Saturday, July 3, 2010
Only Fools and Horses
If I had to summarize this show in one sentence, it would be: A small-time wheeler-dealer tries to support a generally uncooperative family and vows that this time next year, they’ll be millionaires.
Only Fools and Horses was a phenomenally successful British comedy that ran for ten years on the brilliance of its characterization and writing. The main character is Derek (Del) Trotter, who sells cheap knockoffs out of a three-wheeled van, avoids the law and tries to impress everyone with his (imaginary) suavity.
For all his faults, Del is devoted to his family, where he has been in loco parentis ever since his mother died and his father walked out.
Del : I came home that evening and found that Dad had gone – taken all his things and gone. He took everything, Rodney. He took my savings and my three-quarter length suede coat. He even opened your little piggy bank… You know what day that was?
Rodney : (shakes his head)
Del: It was my sixteenth birthday. (pause) He even took my cake.
Rodney, Del’s much younger brother, is quite different. Growing up in the shadow of someone as determined, manipulative and unscrupulous as Del, Rodney turned out quite the opposite. He believes in education, despite not having had much of it, and tries to do the right thing. Though since he’s less shrewd and more easily influenced, he rarely succeeds.
Although money is always tight thanks to no regular employment and a variety of get-rich-quick schemes, Del and Rodney share a flat with first their granddad and then their equally ancient and useless Uncle Albert.
Del : Come on, Granddad, lend me a hundred and I’ll pay you back double. Now be fair. I’ve always been straight with you, haven’t I? Remember last month when you said you were feeling cold in bed? What did I do for you?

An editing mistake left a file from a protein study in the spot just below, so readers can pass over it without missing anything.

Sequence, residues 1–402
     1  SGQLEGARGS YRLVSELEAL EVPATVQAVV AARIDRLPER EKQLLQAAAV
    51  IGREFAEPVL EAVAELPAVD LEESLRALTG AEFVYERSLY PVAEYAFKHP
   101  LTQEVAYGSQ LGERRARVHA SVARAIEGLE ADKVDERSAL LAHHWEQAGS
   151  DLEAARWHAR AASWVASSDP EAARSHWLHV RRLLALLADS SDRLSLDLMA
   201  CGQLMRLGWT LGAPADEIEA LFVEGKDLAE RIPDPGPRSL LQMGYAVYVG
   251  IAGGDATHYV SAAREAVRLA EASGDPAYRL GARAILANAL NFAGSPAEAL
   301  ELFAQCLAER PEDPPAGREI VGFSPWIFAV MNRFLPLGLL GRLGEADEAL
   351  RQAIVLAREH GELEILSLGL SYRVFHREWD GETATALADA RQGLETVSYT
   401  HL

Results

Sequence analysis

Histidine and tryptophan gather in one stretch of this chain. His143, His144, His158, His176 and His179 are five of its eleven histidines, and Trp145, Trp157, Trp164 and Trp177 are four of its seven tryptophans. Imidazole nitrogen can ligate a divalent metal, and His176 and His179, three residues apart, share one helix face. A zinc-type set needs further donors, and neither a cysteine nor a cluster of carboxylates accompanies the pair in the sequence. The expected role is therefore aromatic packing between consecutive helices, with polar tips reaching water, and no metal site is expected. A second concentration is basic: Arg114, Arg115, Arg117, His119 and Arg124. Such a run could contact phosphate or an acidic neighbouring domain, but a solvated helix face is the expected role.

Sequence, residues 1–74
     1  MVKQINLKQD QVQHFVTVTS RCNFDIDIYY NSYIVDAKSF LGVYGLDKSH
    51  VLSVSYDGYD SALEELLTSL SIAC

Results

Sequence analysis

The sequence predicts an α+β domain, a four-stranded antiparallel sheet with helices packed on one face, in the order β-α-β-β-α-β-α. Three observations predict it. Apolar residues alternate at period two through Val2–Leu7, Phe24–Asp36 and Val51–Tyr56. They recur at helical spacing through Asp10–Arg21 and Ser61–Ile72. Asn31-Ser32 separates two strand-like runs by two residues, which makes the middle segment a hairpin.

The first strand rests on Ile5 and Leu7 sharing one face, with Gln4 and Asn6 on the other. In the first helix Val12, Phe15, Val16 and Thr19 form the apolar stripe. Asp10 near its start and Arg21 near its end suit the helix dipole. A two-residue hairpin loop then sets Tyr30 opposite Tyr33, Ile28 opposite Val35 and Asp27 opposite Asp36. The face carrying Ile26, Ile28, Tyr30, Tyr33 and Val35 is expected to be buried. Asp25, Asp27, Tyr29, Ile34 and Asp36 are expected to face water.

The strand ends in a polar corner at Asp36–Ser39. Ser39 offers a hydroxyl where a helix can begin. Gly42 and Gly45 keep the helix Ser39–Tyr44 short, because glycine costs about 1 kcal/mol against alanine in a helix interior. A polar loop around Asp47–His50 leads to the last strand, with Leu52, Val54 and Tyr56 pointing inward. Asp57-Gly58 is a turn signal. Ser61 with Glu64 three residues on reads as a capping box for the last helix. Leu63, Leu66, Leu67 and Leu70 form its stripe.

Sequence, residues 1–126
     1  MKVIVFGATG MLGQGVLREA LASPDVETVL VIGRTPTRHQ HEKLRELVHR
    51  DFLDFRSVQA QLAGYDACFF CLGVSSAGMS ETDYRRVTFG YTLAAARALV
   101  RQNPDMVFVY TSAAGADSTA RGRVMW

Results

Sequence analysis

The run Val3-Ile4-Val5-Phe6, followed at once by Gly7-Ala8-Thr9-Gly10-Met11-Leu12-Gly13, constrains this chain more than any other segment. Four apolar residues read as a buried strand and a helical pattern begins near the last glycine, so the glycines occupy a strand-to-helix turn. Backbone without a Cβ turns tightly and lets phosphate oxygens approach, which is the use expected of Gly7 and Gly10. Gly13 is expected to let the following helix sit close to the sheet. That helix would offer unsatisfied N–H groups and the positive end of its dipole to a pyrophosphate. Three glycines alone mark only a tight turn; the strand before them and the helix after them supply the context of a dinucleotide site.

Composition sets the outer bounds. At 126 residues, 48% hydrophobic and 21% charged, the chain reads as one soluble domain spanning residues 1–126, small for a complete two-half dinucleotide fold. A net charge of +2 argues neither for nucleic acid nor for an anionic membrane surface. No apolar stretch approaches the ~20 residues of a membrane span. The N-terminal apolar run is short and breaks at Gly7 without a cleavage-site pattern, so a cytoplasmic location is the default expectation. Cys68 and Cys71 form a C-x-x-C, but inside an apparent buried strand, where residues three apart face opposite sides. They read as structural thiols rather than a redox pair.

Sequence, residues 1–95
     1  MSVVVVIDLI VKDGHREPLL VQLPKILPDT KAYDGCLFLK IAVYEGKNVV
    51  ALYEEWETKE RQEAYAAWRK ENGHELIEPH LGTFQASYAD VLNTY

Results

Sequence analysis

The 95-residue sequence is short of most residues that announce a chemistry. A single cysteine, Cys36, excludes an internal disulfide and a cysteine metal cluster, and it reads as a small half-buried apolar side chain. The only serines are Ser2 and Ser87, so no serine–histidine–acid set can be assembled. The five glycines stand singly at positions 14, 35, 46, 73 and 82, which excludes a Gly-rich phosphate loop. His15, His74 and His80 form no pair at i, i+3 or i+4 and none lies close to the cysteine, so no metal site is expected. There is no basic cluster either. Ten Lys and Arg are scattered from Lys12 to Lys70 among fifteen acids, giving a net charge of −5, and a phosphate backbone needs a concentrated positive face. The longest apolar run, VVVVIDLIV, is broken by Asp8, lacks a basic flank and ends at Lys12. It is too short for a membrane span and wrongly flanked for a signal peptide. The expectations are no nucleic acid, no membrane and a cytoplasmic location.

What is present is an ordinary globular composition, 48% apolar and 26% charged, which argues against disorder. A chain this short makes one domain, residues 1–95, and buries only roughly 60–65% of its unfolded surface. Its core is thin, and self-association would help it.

Granddad : You brought me an electric blanket.
Del : Right. Give me the hundred and I’ll put a plug on it for you.
The supporting cast is great as well. There’s Boycie, the only successful businessman among Del’s many friends – he owns a car dealership, is an inveterate snob and would happily bankrupt Del if he could. Unfortunately for him, he tries to do so in a no-limits game of poker (“A Losing Streak”) and ends up with four kings, while Del has four aces.
Boycie : Where’d you get those four bloody aces?
Del : Same place you got them kings. I knew you was cheating, Boycie.
Boycie : Oh yeah? How?
Del : Because that wasn’t the hand that I dealt you.
Trigger is another unforgettable character – a roadsweeper who occasionally sells Del a shipment of something that conveniently fell off the back of a truck, such as briefcases with combination locks and the combinations locked securely inside. He’s also extremely… dumb. At one point he and Del drive to the council waste depot after dark to dispose of some mildly toxic chemicals.
Del : It's closed!
Trigger : (checks watch) Well, it's a bit late, innit?
Del : What d'you mean "a bit late"? You said it was open twenty-four hours a day.
Trigger : Yeah, but not at night.
There are too many amusing episodes to choose from, but one of my favorites is “Cash and Curry”, where an Indian businessman hires Del to retrieve a statue of a Hindu god from another Indian businessman who has apparently stolen it. Del tries to make a profit out of that, only to find that he’s fallen in with bigger crooks than he is.
Unfortunately the writers tried to have both Del and Rodney eventually domesticated by partners and children, and the later episodes just aren’t as good. Especially after Del finds a watch that ends up being auctioned off for six million pounds, and he strolls off into the sunset saying, “This time next year, we’ll be billionaires.” Well, it’s hard to provide a lot of down-to-earth conflict for a millionaire, so he quickly loses it all. But the second through sixth seasons are British comedy at its best.